What do you think? Will it be a nice quilt? Do you like the randomness or do you think quilts look nicer if they have more order or a repeating pattern to them?
I can’t wait to just get making it!
After the success of my first ever quilt, I am getting really into patchwork quilting, or, to be more precise, getting really into searching the web for quilting inspiration, ideas and tutorials. I thought I’d share some of the beautiful and inspiring quilts I have found here.
Right, that’s enough looking at pretty pictures of other people’s amazing quilts, I better get on with my own! I have a WIP (work in progress) quilt that I am almost ready to start blogging about, I am very excited about it, and it is made entirely from my scrap fabric stash! Result.
This post is for a blog giveaway, and an appeal, an appeal to all my lovely readers and supporters to take just a moment of their time to vote for a very dear friend of mine, Tom, to help him realise his lifelong dream of going into space.
I’m not one to usually use my blog’s popularity to my own advantage, but I’m sure all my lovely readers and followers will forgive me for using it, just this once, to promote and hopefully try to gain some votes for the lovely Tom.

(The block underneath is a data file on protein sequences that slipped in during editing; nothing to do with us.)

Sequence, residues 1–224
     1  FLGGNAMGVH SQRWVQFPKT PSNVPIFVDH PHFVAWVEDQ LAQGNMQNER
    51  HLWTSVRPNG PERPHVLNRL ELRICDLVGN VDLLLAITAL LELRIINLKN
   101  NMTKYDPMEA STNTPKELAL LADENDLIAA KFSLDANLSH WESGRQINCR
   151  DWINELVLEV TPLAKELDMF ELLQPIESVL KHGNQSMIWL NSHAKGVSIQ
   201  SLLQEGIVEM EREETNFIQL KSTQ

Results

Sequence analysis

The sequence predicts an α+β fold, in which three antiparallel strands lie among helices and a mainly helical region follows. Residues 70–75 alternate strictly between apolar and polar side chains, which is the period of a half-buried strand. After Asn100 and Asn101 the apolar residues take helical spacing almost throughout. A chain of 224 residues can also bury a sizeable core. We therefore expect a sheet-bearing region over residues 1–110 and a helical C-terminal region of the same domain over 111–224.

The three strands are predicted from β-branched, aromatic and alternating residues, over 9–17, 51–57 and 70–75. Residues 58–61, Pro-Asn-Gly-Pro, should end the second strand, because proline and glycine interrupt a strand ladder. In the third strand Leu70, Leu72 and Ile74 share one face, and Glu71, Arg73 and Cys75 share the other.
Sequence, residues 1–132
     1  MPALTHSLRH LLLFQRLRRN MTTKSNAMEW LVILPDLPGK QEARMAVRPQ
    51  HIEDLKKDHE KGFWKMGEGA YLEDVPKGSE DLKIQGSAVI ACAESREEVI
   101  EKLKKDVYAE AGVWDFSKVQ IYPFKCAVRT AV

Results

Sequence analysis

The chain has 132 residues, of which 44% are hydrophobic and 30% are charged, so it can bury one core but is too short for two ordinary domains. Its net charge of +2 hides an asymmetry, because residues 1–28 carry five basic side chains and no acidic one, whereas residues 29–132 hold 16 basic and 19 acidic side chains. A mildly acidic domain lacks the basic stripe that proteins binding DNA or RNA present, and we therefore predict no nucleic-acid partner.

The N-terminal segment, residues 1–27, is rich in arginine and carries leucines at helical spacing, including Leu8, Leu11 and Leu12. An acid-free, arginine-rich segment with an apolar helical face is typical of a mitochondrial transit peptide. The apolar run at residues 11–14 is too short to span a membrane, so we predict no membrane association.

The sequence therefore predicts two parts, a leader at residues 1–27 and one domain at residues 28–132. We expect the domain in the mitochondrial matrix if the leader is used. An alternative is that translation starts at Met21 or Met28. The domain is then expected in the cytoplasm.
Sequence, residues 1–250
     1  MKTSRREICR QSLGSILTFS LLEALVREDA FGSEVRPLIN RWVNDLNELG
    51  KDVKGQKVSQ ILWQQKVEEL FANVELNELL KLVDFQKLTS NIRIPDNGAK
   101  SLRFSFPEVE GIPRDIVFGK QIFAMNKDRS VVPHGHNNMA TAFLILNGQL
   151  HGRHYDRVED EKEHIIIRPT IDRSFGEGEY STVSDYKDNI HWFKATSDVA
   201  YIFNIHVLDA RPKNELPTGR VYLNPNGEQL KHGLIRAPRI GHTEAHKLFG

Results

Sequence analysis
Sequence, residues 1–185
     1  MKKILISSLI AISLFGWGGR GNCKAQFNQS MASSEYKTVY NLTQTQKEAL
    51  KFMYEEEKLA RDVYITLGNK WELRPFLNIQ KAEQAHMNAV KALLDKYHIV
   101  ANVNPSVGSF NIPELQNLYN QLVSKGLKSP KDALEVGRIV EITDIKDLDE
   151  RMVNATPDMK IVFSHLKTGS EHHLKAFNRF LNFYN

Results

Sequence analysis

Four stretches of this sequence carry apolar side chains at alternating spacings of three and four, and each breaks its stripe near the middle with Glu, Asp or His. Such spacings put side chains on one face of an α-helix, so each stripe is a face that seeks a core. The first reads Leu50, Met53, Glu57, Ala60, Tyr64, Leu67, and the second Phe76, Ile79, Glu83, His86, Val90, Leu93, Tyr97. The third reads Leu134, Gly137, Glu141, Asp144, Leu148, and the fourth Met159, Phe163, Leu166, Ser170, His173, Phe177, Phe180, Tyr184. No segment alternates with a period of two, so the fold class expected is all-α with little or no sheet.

Here’s your incentive: vote for Tom, leave me a comment letting me know you have, and you will be entered into my blog giveaway to win one of my mini bunting kits and a wallet I made.
Tom is young. Still only 21, and despite living his whole life so far in the uninspiring flat Fenlands, he is full of adventure and has a burning desire to explore the world. He regularly jumps out of planes for fun, and his adventurous spirit is coupled with a kind heart and sensitive, generous personality. Like most people, he could do with a little boost to his self-esteem, and if I can help get him more votes I have no doubt that would help! He regularly checks how many votes he has accumulated, and I would love to just up it a bit to see the smile on his face!
If you would like to enter my blog giveaway click on the link to take you to Tom’s voting page to get him into space. Vote for Tom, and then leave me a comment here with your name and an email address. I will close the blog giveaway at the end of February and pick a winner at random after then. Thank you so so so much to anyone in advance who takes the time to vote for Tom, I really appreciate your help in getting his numbers up!
Click on any of the following images to vote for Tom: